In one embodiment, a generalized sandwich skew is provided. In this embodiment, referring to FIG. 6, it is assumed that bit segments S0-S6 display a sequence of bit-planes [7 6 4 2 6 3 7] and bit segment S3 is a conflicting bit segment causing a reset conflict. Table 2 illustrates the bit-plane values for the illustrated bit segments.

TABLE 2
Bit Segment Bit-plane
S0 7
S1 6
S2 4
S3 2
S4 6
S5 3
S6 7

The bit segments adjacent either side of S3 (i.e., S2 and S4) have values of 4 and 6, respectively, and are therefore not equal to each other. Thus, a typical sandwich skewing technique could not be employed. In addition, the above-described counter-skew technique could also not be employed since no consecutive bit segment pairs are present elsewhere in the bit sequence that display 6, 4 (in this order). As a result, a generalized conflict resolution technique, as disclosed herein, is performed looking to the left and right of the conflicting bit segment (S3) until one of these conditions is met. More specifically, in this embodiment, the bit-plane of S1 equals the bit-plane of S4 (6=6). Thus, a generalized sandwich skew according to the disclosed principles may be done using bit segments S1 and S4, since these segments are equal and are located on opposite sides of the conflicting bit segment (S3). Specifically, resets r2, r3 and r4 may all be skewed by the same amount, such that reset conflicts are avoided. Beneficially, such a generalized “sandwich” skew may be accomplished even though S1 and S4 are not both immediately adjacent S3.

In another embodiment, a generalized counter-skewing technique is provided. In this embodiment, again referring to FIG. 6, it is assumed that bit segments S0-S6 display bit-planes [7 5 7 5 6 2 7] and bit segment S5 is a conflicting bit segment causing a reset conflict. Table 3 sets forth the bit-plane values for the bit segments in this example.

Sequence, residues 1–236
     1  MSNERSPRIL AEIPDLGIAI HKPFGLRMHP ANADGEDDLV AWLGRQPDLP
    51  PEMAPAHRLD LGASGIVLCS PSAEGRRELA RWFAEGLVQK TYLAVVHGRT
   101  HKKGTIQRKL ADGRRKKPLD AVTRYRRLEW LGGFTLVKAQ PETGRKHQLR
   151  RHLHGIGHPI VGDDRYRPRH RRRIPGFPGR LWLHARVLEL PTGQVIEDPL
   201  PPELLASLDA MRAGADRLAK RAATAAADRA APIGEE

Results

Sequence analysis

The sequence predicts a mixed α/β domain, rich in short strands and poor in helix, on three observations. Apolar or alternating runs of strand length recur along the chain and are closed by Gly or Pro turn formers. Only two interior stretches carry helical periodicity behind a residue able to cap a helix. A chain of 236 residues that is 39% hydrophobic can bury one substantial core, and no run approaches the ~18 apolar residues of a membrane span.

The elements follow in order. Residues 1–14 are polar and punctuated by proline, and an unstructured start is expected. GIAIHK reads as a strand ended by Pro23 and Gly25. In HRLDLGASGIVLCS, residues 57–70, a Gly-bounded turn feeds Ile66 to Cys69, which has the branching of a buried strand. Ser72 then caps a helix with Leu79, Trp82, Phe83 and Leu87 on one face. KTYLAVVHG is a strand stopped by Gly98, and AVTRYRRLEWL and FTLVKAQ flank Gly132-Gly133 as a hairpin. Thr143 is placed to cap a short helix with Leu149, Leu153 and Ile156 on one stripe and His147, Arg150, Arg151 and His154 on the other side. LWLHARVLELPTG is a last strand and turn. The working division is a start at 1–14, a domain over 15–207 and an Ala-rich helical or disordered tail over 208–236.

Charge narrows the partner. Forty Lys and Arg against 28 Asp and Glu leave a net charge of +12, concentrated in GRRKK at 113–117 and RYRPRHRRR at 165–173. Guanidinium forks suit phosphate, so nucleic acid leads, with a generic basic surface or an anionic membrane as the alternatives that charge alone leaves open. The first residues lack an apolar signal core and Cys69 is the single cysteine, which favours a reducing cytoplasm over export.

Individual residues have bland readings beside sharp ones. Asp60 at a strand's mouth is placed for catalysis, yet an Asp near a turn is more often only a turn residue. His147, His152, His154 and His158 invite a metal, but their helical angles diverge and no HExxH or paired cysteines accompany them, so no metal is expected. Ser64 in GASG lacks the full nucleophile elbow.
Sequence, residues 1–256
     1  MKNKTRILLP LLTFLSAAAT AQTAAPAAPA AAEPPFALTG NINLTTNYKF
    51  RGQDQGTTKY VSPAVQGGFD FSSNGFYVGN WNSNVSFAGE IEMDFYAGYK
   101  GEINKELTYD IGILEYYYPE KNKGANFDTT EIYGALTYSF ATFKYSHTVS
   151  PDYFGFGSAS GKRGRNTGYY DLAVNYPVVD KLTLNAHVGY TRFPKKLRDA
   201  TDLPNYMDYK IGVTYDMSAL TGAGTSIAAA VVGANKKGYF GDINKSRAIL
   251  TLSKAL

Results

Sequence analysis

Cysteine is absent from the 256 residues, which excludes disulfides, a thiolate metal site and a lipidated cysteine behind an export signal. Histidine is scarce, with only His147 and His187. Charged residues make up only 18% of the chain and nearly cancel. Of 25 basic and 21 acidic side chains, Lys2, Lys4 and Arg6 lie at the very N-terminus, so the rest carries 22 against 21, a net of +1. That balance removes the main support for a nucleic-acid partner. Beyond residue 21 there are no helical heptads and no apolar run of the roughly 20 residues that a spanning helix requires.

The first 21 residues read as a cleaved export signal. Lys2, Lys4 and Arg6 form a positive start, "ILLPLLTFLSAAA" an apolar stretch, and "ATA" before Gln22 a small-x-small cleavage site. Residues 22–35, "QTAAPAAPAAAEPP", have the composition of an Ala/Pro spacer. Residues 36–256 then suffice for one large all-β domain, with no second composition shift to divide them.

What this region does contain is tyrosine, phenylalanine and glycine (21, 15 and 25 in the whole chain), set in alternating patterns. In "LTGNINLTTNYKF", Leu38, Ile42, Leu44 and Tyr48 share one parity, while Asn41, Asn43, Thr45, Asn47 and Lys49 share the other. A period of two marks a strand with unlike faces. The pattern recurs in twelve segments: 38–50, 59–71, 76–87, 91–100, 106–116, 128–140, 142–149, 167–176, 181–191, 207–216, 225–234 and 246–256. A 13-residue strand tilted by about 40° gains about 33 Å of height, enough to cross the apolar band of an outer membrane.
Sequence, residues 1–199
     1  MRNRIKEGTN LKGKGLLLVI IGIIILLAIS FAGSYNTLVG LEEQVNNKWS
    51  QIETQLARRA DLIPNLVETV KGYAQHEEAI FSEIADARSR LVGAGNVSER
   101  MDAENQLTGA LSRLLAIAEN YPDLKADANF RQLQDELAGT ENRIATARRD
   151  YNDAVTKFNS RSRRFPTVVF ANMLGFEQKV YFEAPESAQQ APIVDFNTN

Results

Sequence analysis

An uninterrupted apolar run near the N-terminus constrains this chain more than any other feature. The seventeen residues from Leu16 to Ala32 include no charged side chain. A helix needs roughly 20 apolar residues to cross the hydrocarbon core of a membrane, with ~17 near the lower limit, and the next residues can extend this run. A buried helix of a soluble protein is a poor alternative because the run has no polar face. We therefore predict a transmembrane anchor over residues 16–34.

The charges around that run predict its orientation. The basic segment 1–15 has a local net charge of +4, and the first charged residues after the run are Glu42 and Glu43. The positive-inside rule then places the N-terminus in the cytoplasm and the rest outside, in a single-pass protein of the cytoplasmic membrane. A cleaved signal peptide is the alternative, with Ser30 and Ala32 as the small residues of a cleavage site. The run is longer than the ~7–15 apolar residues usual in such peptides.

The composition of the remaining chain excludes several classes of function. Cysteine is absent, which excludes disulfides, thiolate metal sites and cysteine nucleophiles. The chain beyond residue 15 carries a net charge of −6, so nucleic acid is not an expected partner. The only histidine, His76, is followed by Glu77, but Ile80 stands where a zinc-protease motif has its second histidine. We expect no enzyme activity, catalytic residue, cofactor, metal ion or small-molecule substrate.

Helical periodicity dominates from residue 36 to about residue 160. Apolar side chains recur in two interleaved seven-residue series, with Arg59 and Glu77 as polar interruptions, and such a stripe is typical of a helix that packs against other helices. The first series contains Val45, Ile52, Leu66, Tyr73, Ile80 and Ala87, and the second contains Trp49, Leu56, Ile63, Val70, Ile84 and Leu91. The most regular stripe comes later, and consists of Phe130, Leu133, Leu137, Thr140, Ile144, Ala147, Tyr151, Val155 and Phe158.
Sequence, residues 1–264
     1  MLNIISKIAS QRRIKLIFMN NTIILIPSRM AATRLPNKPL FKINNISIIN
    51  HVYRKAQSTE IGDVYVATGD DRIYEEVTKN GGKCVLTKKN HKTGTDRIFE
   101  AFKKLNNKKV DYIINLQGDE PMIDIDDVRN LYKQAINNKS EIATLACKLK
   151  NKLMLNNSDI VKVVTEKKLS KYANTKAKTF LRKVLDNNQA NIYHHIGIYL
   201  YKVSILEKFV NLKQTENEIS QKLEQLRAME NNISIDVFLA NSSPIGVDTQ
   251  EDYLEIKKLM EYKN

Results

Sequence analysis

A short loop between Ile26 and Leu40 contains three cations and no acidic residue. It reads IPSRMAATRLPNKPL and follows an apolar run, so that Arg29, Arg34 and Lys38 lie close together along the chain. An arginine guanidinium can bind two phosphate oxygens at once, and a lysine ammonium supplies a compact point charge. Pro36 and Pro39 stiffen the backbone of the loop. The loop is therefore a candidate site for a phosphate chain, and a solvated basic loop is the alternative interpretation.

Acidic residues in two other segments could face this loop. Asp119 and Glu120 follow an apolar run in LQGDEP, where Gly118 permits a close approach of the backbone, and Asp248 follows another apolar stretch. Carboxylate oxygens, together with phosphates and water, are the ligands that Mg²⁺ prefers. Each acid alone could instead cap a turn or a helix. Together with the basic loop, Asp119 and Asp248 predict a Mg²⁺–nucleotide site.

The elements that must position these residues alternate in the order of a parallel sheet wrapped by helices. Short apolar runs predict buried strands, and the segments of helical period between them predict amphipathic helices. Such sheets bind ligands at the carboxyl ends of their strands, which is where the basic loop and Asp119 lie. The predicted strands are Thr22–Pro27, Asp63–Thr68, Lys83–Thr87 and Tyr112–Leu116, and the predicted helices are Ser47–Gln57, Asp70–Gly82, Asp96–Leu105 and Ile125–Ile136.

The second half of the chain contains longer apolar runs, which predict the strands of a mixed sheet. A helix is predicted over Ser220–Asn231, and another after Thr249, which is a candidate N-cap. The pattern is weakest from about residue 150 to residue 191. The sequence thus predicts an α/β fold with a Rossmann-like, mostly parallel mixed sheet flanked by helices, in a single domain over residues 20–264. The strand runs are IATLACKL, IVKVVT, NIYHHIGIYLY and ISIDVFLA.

TABLE 3
Bit Segment Bit-plane
S0 7
S1 5
S2 7
S3 5
S4 6
S5 2
S6 7

The bit segments adjacent either side of S3 (i.e., S4 and S6) have values of 6 and 7, respectively, and therefore a sandwich skewing technique could not be employed. Likewise, the bit segments immediately adjacent the conflicting bit segment (S5) are not repeated by consecutive bit segments elsewhere in the sequence of 7, 6 (in this order). Thus, a typical counter-skewing technique of the type described above may not be employed. As a result, this embodiment of the disclosed conflict resolution techniques continues looking in the sequence to the left and right of the conflicting bit segment (S5) until one of the conditions is met. In this example, bit segments S3 and S6 (5, 7) are located on either side of the conflicting bit segment and are of the same bit-planes as segments S0 and S1 (7, 5), but in reverse order. Thus, all of the bit segments between S3 and S6 (which includes the originally skewed conflicting bit segment) are skewed, along with the reverse sequence found in bit segments S0 and S1. Stated another way, resets r1, r4, r5 and r6 may all be skewed the same amount, thus avoiding any conflicts, without jeopardizing the overall linearity of the bit-plane sequence 600. As a result, such a generalized counter-skewing technique may be beneficially employed, even though bit segments S1 and S4 are not both immediately adjacent S3.

In a related embodiment, the looking to the left and right for the appropriate bit-planes can also occur at the point where the counter-skewing is added to compensate for the skewing of the conflicting bit segment. In such an embodiment, bit segments S0-S6 may display a sequence of bit-planes [7 6 5 4 5 2 7] with S5 being the conflicting bit segment. Table 4 sets forth the bit-plane values for the bit segments in this example. In this example, the only repeatable (in reverse order) pair of bit segments is S4 and S6, which are adjacent the conflicting bit (S5).

TABLE 4
Bit Segment Bit-plane
S0 7
S1 6
S2 5
S3 4
S4 5
S5 2
S6 7

Unfortunately, the reversed bit-planes of bit segments S0 and S2 (7, 5) corresponding to the pair of S4 and S6 (5,7) are not adjacent each other. Instead, corresponding bit segments S0 and S2 have bit segment S1 located therebetween. However, this does not present a problem to the disclosed generalized conflict resolution, and resets r1, r2, r5 and r6 can all be skewed to resolve the conflict.

In yet another embodiment, generalized conflict resolution may be provided by skewing an entire subsequence of bit-planes. In this embodiment, bit segments S0-S6 may display a sequence of bit-planes [7 5 3 4 6 2 7] with S5 being the conflicting bit segment. Moreover, in this example, it is assumed that the illustrated six bit segments comprise a subsequence of a larger sequence of bit-plane values to be executed on the mirror array of an SLM. Table 5 sets forth the bit-plane values for the bit segments in this example.